What is insulin resistance in relation to dog diabetes and why are dog diseases now the same as ours? Here is the common factor.
Crappy food. Of course this is not a scientific answer but let's just get to the point.
When people develop Type 2 Diabetes, they don't realize they have spent years eating far too many simple carbohydrates that don't fuel the body with nourishment.
Products with sugar; corn syrup (which appears in thousands of products including frozen creamed corn and even tomato sauce!); white bread; and white pasta. Then there is the obvious bad stuff like sweets, candy, sodas, sweet tea. Alcohol is on this list too.
Now let's look at what we have unknowingly done to create insulin resistence and canine diabetes. (It's actually spelled resistance, but it is commonly mispelled.)
Dogs are carnivores! Millions of us know that and keep buying bag after bag of dog food at the discount pet store. What is that food filled with? Over processed corn, wheat flour, rice flour, soy, and processed meat-like products that are not fit for human consumption.
Since dogs are carnivores, what do you think all those simple carbohydrates do to them? You got it.
What Is Insulin Resistance
Insulin is a hormone produced by the pancreas which allows the cells of the body to use glucose or blood sugar for fuel.
The pancreas is still producing insulin with no problem. The condition of insulin resistance occurs when the cells of the body develop a resistance to insulin. This causes the pancreas to produce more and more insulin, in an effort to overcome the cells resistance. Serum (blood) insulin levels then start to exceed normal limits and will become very high.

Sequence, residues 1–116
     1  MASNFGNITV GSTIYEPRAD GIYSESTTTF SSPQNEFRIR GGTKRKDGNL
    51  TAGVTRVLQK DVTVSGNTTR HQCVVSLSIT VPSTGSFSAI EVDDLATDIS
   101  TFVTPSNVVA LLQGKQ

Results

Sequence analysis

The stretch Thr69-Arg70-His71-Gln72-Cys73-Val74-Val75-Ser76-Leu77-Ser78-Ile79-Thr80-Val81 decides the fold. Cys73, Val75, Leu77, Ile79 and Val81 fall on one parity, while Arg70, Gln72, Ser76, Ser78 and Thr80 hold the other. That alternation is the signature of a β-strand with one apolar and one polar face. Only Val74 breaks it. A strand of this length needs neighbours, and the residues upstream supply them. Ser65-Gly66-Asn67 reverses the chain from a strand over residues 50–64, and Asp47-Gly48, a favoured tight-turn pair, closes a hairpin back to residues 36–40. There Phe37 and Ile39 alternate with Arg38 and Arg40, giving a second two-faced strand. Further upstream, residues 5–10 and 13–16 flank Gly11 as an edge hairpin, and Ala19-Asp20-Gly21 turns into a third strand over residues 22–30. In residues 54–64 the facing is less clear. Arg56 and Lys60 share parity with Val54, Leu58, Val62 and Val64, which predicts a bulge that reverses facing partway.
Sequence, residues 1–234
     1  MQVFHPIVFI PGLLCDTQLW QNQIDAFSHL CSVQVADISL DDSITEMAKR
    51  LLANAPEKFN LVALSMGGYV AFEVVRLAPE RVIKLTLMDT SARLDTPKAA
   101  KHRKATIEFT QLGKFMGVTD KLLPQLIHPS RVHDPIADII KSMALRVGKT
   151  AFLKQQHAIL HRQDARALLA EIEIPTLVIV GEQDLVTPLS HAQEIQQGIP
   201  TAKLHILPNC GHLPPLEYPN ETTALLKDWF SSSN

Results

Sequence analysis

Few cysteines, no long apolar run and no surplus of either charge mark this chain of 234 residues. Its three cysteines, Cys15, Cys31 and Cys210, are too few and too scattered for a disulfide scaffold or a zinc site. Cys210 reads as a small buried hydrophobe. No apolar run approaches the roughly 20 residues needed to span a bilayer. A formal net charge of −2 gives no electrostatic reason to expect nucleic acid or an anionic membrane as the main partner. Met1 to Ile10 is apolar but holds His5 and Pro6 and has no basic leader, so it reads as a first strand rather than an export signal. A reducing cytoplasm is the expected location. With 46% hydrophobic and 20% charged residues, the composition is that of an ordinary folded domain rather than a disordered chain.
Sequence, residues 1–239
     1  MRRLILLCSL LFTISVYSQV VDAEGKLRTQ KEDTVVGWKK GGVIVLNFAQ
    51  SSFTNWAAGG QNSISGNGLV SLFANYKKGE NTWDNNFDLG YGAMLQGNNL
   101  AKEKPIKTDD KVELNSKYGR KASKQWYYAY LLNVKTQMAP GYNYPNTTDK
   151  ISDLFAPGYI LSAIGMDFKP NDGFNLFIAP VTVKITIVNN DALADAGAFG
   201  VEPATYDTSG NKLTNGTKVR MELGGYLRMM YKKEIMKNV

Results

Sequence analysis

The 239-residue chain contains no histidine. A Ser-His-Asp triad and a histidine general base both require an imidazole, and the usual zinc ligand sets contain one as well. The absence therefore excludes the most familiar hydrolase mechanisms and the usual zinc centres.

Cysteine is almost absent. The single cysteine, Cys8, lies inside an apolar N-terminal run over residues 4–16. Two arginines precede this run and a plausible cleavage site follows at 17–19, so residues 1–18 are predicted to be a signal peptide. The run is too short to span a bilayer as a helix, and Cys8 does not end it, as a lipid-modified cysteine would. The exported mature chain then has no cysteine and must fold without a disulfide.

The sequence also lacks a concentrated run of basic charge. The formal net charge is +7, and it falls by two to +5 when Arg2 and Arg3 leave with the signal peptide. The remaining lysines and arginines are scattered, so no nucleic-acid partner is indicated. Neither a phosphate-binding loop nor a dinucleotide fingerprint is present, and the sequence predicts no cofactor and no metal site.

This condition starts slowly as a result of poor diet and and develops over time into a condition known as Syndrome X.
Syndrome X ( Hyperinsulinemia)
This is a condition where the body is over producing insulin in response to a diet full of simple carbohydrates (in the case of dogs, this would be unnecessary carbohydrates of any type... treats full of flour, sugar, peanut butter, grains, fruit, or even too many vegetables).
Syndrome X or Hyperinsulinemia is a condition related to hypoglycemia, and is a precursor to other conditions such as full blown diabetes, and heart disease. It increases cellular inflammation, and as such, is indicated in other inflammatory diseases such as arthritis.
Dietary adjustment is critical.
In the case of dogs, elimination of unnecessary carbohydrates, or at the very least introducing higher quality ( low glycemic ) carbohydrates is essential for controlling this condition.
Now however, if insulin resistance is allowed to continue without dietary correction, it will eventually cause the pancreas to just quit making insulin, and full blown dog diabetes will ensue. Then insulin by mouth or injection will be necessary for survival. This is the end result.
Interestingly, another precursor to dog diabetes is pancreatitis and while no one seems to be certain of the exact cause, episodes are brought on by the wrong foods.
When will we learn?
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And now I must thank Sandra King of Dog Nutrition Naturally since she explained the bulk of this information to me.
Sandra is a Natural Health Practitioner in Canada. She helps both people and pets improve their health by offering natural, holistic food solutions and remedies that include herbs and supplements from Nature's Sunshine products.
I am always grateful when she fills in the blanks for me...and I am proud to call her my friend.